“Specific courses aren’t that important for medical school,” he says. It was his total college experience—gaining maturity and learning how to study—that prepared him for and served him well in medical school.
But it was an orthopedic surgeon whose lawn he mowed during college that brought him to medicine.
“He took me under his wing for a year, taking me to the OR and his office,” says Link. His mentoring had an impact, and Link decided to go to medical school. He applied to schools across the country. Always interested in history, when he was accepted at Tufts on the East Coast, he enrolled. He’s been there ever since.
Link has enjoyed reconnecting more actively with Dordt College in the past few years. During his time on campus, he also met with Engineering Professor Dr. Kayt Frisch to explore whether they might collaborate on biomedical research. He has data that Dordt students might help analyze. Students increasingly need meaningful research experiences for graduate and medical school, so such an opportunity would benefit both Link and any student who got involved.
“It’s also good for alumni to feel useful,” Link adds.
Not only joining, but leading
In middle school and through high school Gail (Stockmeier, ’74) Jansen thought she’d like to be “a spy”—or “in intelligence,” we might say today. She even wrote to the FBI, but was told they didn’t hire women agents. So, she decided to go into law since she’d always been interested in history and politics. She may have been the first female graduate of Dordt to attend law school—at least one of very few in those early years. That decision has kept her life rich and busy.
Following graduation, Gail and Harvey (’74) moved to Arizona, and Gail enrolled at the University of Arizona Law School—back when it cost $250 per semester, she says with a smile, comparing it to the thousands it cost her son Mark (’04), who recently completed law school. Thirty-eight years later Gail and Harvey still live in Tucson, Arizona. Their lives are full with family, work, and a variety of professional, Christian, and community organizations.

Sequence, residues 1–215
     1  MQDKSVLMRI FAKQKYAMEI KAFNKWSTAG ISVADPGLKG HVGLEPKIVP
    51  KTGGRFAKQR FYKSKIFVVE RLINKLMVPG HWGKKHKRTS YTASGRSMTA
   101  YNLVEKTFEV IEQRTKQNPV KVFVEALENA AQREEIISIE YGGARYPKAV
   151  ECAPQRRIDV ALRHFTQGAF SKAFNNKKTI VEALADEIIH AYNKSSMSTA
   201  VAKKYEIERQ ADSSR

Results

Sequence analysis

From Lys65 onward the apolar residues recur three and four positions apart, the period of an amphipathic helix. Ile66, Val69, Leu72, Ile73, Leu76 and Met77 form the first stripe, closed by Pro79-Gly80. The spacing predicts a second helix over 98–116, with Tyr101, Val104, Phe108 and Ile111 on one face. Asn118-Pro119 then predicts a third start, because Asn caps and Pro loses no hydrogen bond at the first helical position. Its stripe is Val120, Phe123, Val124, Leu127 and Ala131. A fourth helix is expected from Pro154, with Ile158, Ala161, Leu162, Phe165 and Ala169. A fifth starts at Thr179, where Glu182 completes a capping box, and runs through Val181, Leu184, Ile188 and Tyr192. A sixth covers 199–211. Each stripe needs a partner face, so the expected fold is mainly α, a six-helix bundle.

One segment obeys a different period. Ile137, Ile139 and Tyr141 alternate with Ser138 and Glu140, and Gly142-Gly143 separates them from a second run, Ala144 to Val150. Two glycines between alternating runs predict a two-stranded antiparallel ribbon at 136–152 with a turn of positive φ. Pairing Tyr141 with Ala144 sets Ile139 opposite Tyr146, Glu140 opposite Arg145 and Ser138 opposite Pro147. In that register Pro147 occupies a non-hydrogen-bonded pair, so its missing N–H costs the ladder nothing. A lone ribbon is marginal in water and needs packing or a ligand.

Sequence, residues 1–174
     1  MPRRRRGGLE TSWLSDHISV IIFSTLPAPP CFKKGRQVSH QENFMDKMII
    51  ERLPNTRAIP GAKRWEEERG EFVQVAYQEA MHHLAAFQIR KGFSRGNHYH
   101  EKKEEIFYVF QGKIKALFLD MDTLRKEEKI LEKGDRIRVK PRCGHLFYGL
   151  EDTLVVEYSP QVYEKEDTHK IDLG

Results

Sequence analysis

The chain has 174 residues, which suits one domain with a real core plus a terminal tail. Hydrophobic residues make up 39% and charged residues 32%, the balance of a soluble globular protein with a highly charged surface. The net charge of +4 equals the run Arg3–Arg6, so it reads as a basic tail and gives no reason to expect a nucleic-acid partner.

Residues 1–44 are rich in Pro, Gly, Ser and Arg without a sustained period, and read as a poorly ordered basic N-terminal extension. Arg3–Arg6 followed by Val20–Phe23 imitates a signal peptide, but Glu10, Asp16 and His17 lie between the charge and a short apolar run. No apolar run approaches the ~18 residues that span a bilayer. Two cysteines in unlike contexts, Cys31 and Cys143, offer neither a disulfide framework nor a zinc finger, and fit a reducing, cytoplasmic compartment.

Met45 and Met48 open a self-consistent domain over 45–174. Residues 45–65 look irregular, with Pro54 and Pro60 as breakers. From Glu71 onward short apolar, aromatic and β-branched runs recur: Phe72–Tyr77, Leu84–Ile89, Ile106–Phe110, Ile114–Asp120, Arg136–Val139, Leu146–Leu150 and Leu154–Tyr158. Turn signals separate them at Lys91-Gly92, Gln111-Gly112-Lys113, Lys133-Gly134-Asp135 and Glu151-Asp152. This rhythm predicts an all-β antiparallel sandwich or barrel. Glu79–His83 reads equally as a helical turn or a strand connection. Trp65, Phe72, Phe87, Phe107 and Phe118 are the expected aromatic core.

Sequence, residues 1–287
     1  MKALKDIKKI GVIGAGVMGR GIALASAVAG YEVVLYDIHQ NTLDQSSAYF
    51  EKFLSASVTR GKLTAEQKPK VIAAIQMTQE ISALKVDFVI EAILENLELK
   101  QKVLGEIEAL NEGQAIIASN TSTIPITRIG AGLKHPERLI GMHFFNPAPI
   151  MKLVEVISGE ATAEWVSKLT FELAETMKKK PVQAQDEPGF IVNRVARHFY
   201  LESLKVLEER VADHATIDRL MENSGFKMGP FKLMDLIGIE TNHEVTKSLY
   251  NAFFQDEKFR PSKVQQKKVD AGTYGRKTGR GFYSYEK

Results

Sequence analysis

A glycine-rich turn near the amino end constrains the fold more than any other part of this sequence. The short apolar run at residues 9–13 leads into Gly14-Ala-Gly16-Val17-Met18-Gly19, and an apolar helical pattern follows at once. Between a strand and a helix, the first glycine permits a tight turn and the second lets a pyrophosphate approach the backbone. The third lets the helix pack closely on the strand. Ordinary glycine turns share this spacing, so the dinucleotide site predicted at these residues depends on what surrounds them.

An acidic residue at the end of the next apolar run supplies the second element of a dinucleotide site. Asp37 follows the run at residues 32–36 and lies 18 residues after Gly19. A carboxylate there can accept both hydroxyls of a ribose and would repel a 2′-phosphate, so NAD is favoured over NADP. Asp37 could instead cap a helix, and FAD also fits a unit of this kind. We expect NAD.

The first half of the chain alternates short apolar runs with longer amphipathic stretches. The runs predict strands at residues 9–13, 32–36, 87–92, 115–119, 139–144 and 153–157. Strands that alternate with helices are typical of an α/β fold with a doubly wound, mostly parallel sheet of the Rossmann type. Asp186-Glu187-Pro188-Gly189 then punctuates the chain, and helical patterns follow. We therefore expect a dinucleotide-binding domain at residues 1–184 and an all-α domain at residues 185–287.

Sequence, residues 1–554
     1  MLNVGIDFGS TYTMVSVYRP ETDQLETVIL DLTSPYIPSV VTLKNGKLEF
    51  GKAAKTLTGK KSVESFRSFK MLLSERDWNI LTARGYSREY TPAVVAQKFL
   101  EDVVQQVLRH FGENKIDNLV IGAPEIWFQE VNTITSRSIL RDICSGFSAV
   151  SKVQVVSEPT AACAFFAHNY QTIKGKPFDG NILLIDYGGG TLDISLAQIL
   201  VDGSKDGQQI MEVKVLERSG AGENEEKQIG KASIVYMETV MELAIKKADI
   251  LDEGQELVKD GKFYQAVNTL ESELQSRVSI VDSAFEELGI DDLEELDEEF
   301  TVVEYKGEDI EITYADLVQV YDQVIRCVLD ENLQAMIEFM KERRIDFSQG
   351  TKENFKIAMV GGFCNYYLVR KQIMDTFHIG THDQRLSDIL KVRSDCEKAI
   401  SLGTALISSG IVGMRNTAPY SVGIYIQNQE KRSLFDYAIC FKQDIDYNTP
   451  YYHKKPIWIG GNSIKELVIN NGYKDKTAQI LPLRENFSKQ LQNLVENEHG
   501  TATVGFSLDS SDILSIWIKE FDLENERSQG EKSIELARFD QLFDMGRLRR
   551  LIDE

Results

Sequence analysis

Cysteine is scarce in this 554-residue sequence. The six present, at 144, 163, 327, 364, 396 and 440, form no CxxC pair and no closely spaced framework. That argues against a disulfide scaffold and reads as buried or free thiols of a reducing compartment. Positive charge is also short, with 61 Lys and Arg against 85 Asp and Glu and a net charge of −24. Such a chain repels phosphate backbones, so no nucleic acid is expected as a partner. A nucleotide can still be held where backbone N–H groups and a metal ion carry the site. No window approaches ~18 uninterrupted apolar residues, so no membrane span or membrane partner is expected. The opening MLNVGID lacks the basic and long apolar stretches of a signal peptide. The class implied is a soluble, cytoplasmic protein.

Law school was a bit of a shock to Gail. “I felt that we never asked the important questions. At Dordt, I was used to talking about things like the state’s role and the purpose of government. Law school was more about learning a method of reasoning, a process of thinking without content,” she says. She wanted to talk about how attorneys should approach their work and how they promote fairness and justice.
Gail’s faith and worldview were evident already as a law student. She put up posters for local Christian Legal Society meetings, watched them be taken down, and put them back up again and again. Today there is a thriving chapter of the Christian Legal Society (CLS) in Tucson, including a student chapter that today meets in a classroom at the University of Arizona. That likely is at least partly the result of efforts by Gail and other CLS attorneys more than 15 years ago to convince administrators that Christians, too, have a right to exist and express their views on a university campus.
Gail worked in the county attorney’s office and as a prosecutor for the city of Tucson before opening her own practice more than three decades ago. As her children were born and grew, she wanted to have the flexibility to work four days a week instead of five. Today, she continues that schedule, giving one day a week to her grandchildren.